Gonjiam – Haunted asylum
Gonjiam is a found footage horror film by the South Korean director, Jung Bum Shik. The story begins with two high school boys who experienced spiritual encounters – sounds of a pingpong game though the hospital had been abandoned for years – and subsequently went missing in a former psychiatric hospital called Gonjiam — where rumour claims that the hospital director killed all her patients and disappeared after the hospital’s closing. The premise of the film continues as Youtuber Ha Joon assembles a team of six people to carry out a live-streamed exploration of Gonjiam, which would lead to their eventual death.
This is a fascinating horror film as the audience loses the bird’s eye view and instead gains an immersive experience in the environment and emotional ups and downs within the exploration team with the first person vlogging perspective. You never know what’s real, and what’s not.
At the same time, this movie generates real excitement for the brave souls as the Gonjiam hospital actually does exist in the real world. It is a real, abandoned psychiatric hospital, and ranked by CNN as one of the ten most freakiest places in the world.
Plus, if you are familiar with South Korean politics, then you could make out many meanings from the film. Some claim that the film implies that the actual hospital was a political prison for the South Korean president of that time, that the director was an organ in the government. Others claim that the hospital director, as presented in the film, resembles the impeached South Korean president Park Geun Hye.
Another claim is that the “ghosts” that appeared in the film are echoes of the suspected lethal human experimentation that once happened there.
In my opinion, it’s a well-made horror film that suits all audiences. On one hand, it is a decent horror film for those who only want the chills. On the other hand, it is also a film that could provoke a plethora of interpretations for those familiar with South Korean politics and culture.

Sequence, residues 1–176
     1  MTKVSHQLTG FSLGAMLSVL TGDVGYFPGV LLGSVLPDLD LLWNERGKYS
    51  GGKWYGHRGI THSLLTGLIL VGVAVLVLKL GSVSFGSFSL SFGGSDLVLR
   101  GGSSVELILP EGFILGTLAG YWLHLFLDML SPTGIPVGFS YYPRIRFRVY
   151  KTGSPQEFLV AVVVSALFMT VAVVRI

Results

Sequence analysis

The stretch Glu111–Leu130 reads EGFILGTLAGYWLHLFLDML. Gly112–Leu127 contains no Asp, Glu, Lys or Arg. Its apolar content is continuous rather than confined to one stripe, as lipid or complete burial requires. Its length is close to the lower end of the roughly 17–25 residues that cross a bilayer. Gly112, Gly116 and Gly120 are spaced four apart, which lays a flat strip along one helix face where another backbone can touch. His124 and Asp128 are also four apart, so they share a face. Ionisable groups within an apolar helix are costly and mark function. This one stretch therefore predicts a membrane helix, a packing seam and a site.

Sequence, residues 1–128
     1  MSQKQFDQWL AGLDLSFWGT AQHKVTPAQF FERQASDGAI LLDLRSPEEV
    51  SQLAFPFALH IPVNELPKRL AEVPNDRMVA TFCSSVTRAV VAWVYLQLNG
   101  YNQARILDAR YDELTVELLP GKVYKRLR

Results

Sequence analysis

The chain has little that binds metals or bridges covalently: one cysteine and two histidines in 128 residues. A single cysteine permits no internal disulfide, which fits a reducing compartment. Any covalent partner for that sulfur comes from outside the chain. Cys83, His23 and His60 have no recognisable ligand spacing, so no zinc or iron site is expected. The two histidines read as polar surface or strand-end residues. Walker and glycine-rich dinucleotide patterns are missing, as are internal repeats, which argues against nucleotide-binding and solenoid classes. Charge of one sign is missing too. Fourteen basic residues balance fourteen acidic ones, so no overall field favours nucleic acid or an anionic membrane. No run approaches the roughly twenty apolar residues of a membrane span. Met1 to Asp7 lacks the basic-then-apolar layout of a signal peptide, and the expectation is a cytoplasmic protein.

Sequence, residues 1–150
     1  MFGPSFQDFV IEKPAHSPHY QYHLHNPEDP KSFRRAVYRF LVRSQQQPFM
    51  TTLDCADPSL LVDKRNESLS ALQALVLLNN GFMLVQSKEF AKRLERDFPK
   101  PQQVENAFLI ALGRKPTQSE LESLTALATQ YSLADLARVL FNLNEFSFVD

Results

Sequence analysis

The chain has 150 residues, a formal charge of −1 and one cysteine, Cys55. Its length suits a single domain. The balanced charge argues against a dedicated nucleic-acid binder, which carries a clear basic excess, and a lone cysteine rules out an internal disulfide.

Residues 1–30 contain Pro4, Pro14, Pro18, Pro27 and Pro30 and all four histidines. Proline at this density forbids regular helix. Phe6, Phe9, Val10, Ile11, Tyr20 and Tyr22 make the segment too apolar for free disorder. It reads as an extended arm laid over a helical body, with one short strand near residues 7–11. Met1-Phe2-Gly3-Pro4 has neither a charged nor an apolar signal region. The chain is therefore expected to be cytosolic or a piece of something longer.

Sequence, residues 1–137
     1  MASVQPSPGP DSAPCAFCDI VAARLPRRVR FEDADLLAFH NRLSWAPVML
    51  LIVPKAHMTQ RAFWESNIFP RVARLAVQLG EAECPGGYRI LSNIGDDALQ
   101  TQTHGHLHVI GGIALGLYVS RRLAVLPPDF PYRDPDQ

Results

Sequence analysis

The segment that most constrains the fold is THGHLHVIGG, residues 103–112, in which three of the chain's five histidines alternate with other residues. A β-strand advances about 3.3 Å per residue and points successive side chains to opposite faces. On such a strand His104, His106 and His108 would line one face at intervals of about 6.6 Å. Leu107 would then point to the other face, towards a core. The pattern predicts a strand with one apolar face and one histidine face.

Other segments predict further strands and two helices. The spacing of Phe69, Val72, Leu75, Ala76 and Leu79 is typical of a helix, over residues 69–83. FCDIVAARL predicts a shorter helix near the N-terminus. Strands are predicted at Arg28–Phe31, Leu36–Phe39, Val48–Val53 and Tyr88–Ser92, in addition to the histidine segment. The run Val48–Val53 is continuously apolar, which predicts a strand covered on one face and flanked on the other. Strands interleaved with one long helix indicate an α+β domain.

Kingdom is a 2019 Netflix South Korean TV series, written by Kim Eun-hee and directed by Kim Seong-hun. It’s undoubtedly spine-chilling: what other times would you see people – zombies – tied together like a gigantic football? Yet, the director attempts to do more than just make his audience scared. One could see Kingdom as a combination of The Walking Dead and Game of Thrones. It’s a fusion of action, zombies and politics.
The story is set in Korea’s Joseon period, a few years after the Japanese invasion of Korea, which ended in 1598.
The plot evolves as the Crown Prince Yi Chang embroils himself in a political coup and embarks on a journey to investigate the mysterious spread of a plague. He finally discovers that the sinister coup that had transformed many citizens into zombies was directed by a prominent politician, the grandfather of the expected royal baby, to remove the Crown Prince Yi Chang from the throne.